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Mixing Mobile with TV: Leveraging Second-Screen Engagement for the Super Bowl

Case Study Trends

Mixing Mobile with TV: Leveraging Second-Screen Engagement for the Super Bowl

Misspran January 29, 2014

Last week, brands and agencies gathered at the Mobile Media Summit in San Francisco to discuss mobile and its increasing importance in the advertising sphere. The event featured high profile speakers from major agencies and brands like Razorfish, DDB, Goodby Silverstein & Partners, Universal McCann, Nestle, Google, Intel, and many more. It was an exciting time for marketers to gather and discuss mobile as the timing of the event was very relevant. It was only 1 week away from the biggest event of the year in advertising, the Super Bowl.

A 30 second advertising slot during the Super Bowl on average costs $4 million and reaches well over 100 million viewers. It is without a doubt that the Super Bowl is a very important time for advertising in television due to its mass viewership, but now with mobile usage on the rise, that changes the game for advertisers. Perhaps it can be attributed to the mobile addiction that plagues America, but AT&T reported that  “88% of US consumers watch the 2nd screen (mobile) while watching TV.”  Similarly, Nielsen stated “85% of mobile owners use their tablet or smartphone while watching TV.” Furthermore, 76% of tablet users and 63% of smart phone users use their second-screen device to look up information in general, over 50% of users for both devices are on social media, and 13% for tablet users and 9% of smart phone users are making purchases related to what they are watching.

mobile usage during watching tv

Source: Nielsen

This makes the mobile device an incredibly important marketing channel to pair up with TV. During the panel “An Industry First: TV Data Helps Close the Loop in Mobile Like Never Before”, Drew Breunig, VP of Strategy at PlaceIQ, discusses with Rebecca Hawkins, Director of Mobile Strategy at 4D, on the relationship between mobile usage and television.

“We need to understand the shared voice and emotional engagement. Which medium is more effective? – Rebecca Hawkins, Director of Mobile Strategy at 4D

There is an increase in viewership of mobile video and mobile usage but it doesn’t necessarily have to directly compete with TV. Advertisers can leverage both mediums to communicate branding. Breunig emphasized the idea of leveraging mobile to coordinate and support the overall creative.

“Have mobile as a mechanism for support and carry on the conversation.” – Drew Breunig, VP of Strategy at PlaceIQ

Many other speakers at the summit further repeated this idea of using mobile as a medium of support during major television advertising campaigns. However, many times big brands will have several agencies leading multiple campaigns, and some of the biggest hurdles for marketers will be coordinating mobile with different channels of marketing. The creative for each channel will have to be tailored to fit the user behavior of the audience at the time of usage but at the same time have to communicate the overall message of the brand. User behavior on a smart phone is different from tablet user behavior and is different from TV. Schizophrenic brand messaging due to lack of coordination is common and can often be disastrous.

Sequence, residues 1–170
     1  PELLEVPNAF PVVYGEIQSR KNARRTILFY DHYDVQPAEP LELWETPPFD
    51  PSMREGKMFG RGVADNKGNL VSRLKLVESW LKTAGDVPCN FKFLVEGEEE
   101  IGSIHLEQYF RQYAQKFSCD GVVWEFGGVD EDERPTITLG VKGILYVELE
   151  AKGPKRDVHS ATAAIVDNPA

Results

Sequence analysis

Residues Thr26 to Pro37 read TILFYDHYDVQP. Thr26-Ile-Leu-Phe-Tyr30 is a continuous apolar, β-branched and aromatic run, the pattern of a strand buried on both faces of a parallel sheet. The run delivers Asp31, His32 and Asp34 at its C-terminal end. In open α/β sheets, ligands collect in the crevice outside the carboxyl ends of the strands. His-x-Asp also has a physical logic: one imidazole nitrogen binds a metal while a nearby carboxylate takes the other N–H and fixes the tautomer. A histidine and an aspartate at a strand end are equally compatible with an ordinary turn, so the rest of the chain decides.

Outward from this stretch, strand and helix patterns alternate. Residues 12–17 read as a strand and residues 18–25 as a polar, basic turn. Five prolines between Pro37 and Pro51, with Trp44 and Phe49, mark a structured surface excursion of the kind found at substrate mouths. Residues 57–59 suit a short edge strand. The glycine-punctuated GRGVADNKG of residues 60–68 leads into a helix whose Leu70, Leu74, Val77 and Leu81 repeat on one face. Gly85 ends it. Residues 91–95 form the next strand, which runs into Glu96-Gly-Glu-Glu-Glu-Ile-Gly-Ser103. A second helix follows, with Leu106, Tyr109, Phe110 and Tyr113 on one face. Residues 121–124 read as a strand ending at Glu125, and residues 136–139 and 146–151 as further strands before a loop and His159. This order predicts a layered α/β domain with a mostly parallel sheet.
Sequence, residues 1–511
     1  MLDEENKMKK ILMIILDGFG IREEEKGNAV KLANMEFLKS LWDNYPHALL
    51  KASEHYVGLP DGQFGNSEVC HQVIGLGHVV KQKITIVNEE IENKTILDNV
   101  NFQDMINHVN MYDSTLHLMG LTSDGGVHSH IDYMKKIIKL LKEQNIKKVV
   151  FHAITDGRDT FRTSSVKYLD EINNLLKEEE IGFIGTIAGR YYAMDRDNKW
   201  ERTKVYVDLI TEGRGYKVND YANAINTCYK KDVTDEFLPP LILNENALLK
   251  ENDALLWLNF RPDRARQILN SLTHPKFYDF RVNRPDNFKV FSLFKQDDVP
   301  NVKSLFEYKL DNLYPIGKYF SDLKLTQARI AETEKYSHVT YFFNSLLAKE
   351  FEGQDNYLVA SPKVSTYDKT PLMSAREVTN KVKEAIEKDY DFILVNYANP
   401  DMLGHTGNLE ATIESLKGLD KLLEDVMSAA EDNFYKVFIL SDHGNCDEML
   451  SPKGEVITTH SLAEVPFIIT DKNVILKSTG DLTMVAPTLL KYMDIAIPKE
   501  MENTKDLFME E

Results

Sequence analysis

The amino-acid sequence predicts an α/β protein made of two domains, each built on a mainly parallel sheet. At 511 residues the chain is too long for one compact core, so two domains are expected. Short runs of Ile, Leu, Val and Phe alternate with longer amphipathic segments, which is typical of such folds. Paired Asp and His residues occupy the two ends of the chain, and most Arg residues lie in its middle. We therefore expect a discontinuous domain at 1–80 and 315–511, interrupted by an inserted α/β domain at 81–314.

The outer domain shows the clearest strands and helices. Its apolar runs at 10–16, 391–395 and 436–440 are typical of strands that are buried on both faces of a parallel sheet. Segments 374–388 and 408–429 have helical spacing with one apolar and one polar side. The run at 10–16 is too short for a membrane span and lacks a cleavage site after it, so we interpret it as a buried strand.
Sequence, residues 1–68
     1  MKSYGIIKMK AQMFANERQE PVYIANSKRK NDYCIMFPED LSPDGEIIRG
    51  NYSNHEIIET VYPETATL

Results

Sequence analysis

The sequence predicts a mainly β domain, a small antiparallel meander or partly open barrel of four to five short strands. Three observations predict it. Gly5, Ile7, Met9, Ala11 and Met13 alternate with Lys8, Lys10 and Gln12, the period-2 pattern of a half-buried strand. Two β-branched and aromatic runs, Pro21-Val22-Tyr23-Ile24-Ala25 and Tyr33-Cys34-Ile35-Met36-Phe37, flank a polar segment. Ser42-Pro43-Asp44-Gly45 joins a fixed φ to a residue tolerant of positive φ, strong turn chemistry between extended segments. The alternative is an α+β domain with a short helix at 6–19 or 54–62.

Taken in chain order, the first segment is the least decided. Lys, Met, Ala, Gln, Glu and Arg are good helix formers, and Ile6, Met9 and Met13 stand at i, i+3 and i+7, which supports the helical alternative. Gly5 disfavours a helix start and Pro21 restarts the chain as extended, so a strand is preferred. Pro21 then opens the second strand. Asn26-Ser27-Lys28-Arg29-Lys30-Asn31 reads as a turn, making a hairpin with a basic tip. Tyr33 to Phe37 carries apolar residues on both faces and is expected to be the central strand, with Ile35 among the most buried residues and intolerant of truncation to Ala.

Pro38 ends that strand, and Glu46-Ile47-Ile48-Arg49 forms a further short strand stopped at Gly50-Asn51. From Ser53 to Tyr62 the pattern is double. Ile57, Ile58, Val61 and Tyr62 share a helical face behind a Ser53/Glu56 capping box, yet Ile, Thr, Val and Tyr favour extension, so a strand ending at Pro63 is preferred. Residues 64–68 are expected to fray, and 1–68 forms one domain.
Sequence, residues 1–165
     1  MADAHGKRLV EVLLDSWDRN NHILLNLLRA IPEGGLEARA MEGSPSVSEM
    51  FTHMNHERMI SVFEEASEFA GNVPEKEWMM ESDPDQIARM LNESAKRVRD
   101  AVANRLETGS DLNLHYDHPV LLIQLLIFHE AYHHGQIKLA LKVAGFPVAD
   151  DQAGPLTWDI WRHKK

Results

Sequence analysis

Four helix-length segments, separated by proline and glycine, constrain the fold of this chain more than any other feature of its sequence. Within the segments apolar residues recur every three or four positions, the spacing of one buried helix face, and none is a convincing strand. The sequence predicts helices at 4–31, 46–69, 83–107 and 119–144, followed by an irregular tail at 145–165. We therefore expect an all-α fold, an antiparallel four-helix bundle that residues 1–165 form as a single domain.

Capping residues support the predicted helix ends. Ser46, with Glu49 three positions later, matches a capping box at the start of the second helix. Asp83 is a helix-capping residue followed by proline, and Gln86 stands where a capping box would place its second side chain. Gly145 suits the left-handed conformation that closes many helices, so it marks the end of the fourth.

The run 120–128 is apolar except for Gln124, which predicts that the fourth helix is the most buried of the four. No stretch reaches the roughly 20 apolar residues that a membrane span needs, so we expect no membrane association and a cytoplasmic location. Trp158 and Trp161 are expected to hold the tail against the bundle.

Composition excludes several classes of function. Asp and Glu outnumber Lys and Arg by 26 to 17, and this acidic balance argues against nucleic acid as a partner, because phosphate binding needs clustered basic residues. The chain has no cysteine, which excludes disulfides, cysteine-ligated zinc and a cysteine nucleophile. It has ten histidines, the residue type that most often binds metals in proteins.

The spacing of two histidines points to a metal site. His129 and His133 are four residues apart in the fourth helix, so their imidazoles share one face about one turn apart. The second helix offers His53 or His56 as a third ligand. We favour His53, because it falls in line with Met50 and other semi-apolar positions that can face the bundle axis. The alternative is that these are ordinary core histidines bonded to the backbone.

“Thinking of the screen as a touchpoint. We need to adjust it and think of it as a diverse channels.” – Irfan Kamal, SVP, Global Head-Social Data Products and Partners at Ogilvy

Despite all the challenges of mobile marketing especially when paired with television advertising, if done right, it can reap amazing success for the brand. Kalle Hellzen, Chief Digital and Creative Officer of Goodby Silverstein & Partners, shared a case study of a campaign his firm worked on for Chevy for the 2012 Super Bowl. Using their second-screen app, the audience was able to watch the ads before and after the game, and answer questionnaires to compete for several Chevy cars. The Chevy Game Time App capitalized on a large portion of Americans who are apathetic towards football and more interested in the Super Bowl parties, since studies have shown that 52% of people who watch the Big Game have no interest in it at all. The campaign also leveraged YouTube as a channel and crowdsourced content from fans for further engagement. The Chevy Super Bowl campaign was a great success, resulting in high levels of engagement from the audience and well over 500 million impressions. It’s a fantastic example of leveraging mobile technology as a second screen for advertising and certainly made Chevy stand out in the advertising game during the Super Bowl.

With good coordination, mobile can be used as an effective marketing channel to reinforce messaging from television advertising. It has to be used as a separate medium. Brands can’t just build an app and expect it to work, but since the mobile device often sits alongside the viewer it can definitely be leveraged for further engagement and information. Separate tactics with an overarching messaging is the key for a successful TV and mobile marketing campaign. This Sunday, over 100 million Americans are expected to watch the Super Bowl. How will brands leverage the second screen to reach that audience this year? We are excited to find out.


Vi Tran
Contributing Editor
Lover of all things marketing, tech, and startups related. Currently she's a writer at CircleClick and MobileFOMO. Previously, she worked at ApartmentList.com, Esurance, and 500 Startups.
Follow me on twitter @misspran

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